Day two of Realism Live, art seen through the eyes of: Zhenya Gershman, Ned Mueller, John Pototschnik, Leona, Alexander and Annalisa Shanks, Michael Mentler, Dustin Van Wechel and Juliette Aristides, winner of the Fine Art Connoisseur Magazine Achievement Award, 2022.

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In addition to the array of demonstration sessions offered, the second day of Realism Live celebrated the awarding of the prestigious Fine Art Connoisseur Magazine Achievemet Award, 2022: the prize established at FACE -Figurative Art Convention and Expo- which was presented to Juliette Aristides. 

The artist, who emotionally thanked the audience and the event organizers, symbolically dedicated the award to all those who in recent years have strived, like her, to invest in the beauty of art in a society that seems devoted more to the cult of technology and the immediacy of results than to inner development. These are characteristics that are little suited to the inner quest to which art yearns allowing one to refine not only the capacity for observation and reflection but increasing the degree of personal sensitivity toward the beauty of the world in all its expressions. 

A task that, however, does not seem to have demotivated Aristides who, in order to offer her contribution to society, decided to pursue the beauty of art through the teaching of universal principles, for which she founded the Classical Atelier at the Gage Academy of Fine Art in Seattle, WA, where she teaches. 

Recognition for Juliette Aristides is due not only to her numerous career awards, totally devoted to study and teaching, but also to the dissemination of her many books, made accessible and usable to all, even in terms of cost. Among the most important awards received by Aristides, who in her career has also been the beneficiary of the Elizabeth Greenshields Foundation, is the designation of Living Master by the ARC, Art Renewal Center: the world’s highest honor for realism in all its forms. 

A frame from Juliette Aristides’ figure painting demonstration

In addition to receiving the award, Aristides made a figurative painting for Realism Live based on the classical principles that proceed from the realization of large forms to the definition of details. Having little time and in order to speed up the process by experimenting with an innovative medium, she created a figure in oil, surrounded by a flat background made with large brushstrokes of liquid charcoal: a versatile-and visually non-invasive medium that lets the full beauty of the depicted subject emerge. It is a construction process that can be difficult for those who lack the necessary basics that involve continual checking of measurements and proportions to ensure the success of the drawing, but with practice and perseverance can lead to excellent results.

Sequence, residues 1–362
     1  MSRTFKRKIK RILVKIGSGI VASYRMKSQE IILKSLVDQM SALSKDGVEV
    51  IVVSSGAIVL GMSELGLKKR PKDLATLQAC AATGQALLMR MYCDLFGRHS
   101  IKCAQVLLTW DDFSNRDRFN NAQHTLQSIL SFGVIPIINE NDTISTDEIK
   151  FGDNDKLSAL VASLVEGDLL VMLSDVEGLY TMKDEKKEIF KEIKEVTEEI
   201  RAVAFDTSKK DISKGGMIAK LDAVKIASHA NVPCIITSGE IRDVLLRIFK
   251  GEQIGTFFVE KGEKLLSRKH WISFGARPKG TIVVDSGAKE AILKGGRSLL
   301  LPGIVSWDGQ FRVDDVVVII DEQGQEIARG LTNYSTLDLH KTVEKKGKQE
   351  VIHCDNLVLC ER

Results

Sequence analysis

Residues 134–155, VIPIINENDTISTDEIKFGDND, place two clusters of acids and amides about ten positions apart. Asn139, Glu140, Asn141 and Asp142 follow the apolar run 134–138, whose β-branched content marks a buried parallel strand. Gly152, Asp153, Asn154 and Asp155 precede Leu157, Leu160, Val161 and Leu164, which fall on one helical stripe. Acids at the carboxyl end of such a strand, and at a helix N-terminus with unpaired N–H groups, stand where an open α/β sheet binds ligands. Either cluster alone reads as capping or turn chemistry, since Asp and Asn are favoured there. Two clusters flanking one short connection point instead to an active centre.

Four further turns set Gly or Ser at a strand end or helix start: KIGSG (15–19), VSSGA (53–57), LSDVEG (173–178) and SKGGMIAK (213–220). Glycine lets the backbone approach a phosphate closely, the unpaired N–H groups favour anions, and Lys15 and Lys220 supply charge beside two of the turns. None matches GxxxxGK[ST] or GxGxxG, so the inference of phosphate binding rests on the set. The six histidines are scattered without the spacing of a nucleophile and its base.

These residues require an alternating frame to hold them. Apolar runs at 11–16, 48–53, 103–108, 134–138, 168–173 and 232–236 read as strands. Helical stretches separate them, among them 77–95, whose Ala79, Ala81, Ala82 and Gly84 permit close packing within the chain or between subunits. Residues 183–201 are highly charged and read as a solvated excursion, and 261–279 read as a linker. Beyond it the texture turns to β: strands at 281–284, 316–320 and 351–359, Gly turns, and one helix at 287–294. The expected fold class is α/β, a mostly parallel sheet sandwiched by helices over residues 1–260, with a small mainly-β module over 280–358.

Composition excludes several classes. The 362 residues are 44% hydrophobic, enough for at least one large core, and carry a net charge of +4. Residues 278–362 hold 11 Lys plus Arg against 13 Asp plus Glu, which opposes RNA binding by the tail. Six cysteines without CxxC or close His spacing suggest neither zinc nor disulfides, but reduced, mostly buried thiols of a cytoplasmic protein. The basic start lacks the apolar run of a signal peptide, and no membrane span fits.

The sensitivity of Aristides in addition to the person, is also inherent in the advice she offered with simplicity to the participants, inviting them to establish a personal relationship with the model posing, so as to establish a human contact that prescinds the function to object of the person. “Today’s world is getting unaccustomed to this kind of attention that makes a difference,” said the artist, who advocates more cultural support for society. 

The Zhenya Gershman’s eyes building in oil for Blick Art Materials

The educational day began with a demonstration by artist Zhenya Gershman, Art Ambassador for Royal Talent and Blick Art Materials, Platinum Sponsors of the event.

The sponsors’ demonstration sessions, presented during Streamline Publishing conventions, are particularly uplifting moments, both because they feature the newest products on the market and because the sponsors, in addition to offering in-depth technical seminars, often rely on demonstrations by established artists who dispense tricks to adopt. Such is the case with Zhenya Gershman, who, using Princeton brushes and Rembrandt oils, created a demonstration focused on the realist construction of the eye. The artist, a resident of Los Angeles, is known for the large oil canvases she creates using also different tools, such as the one proposed in yesterday’s seminar: the Princeton catalyst countours and wedges, with which she created interssing textures.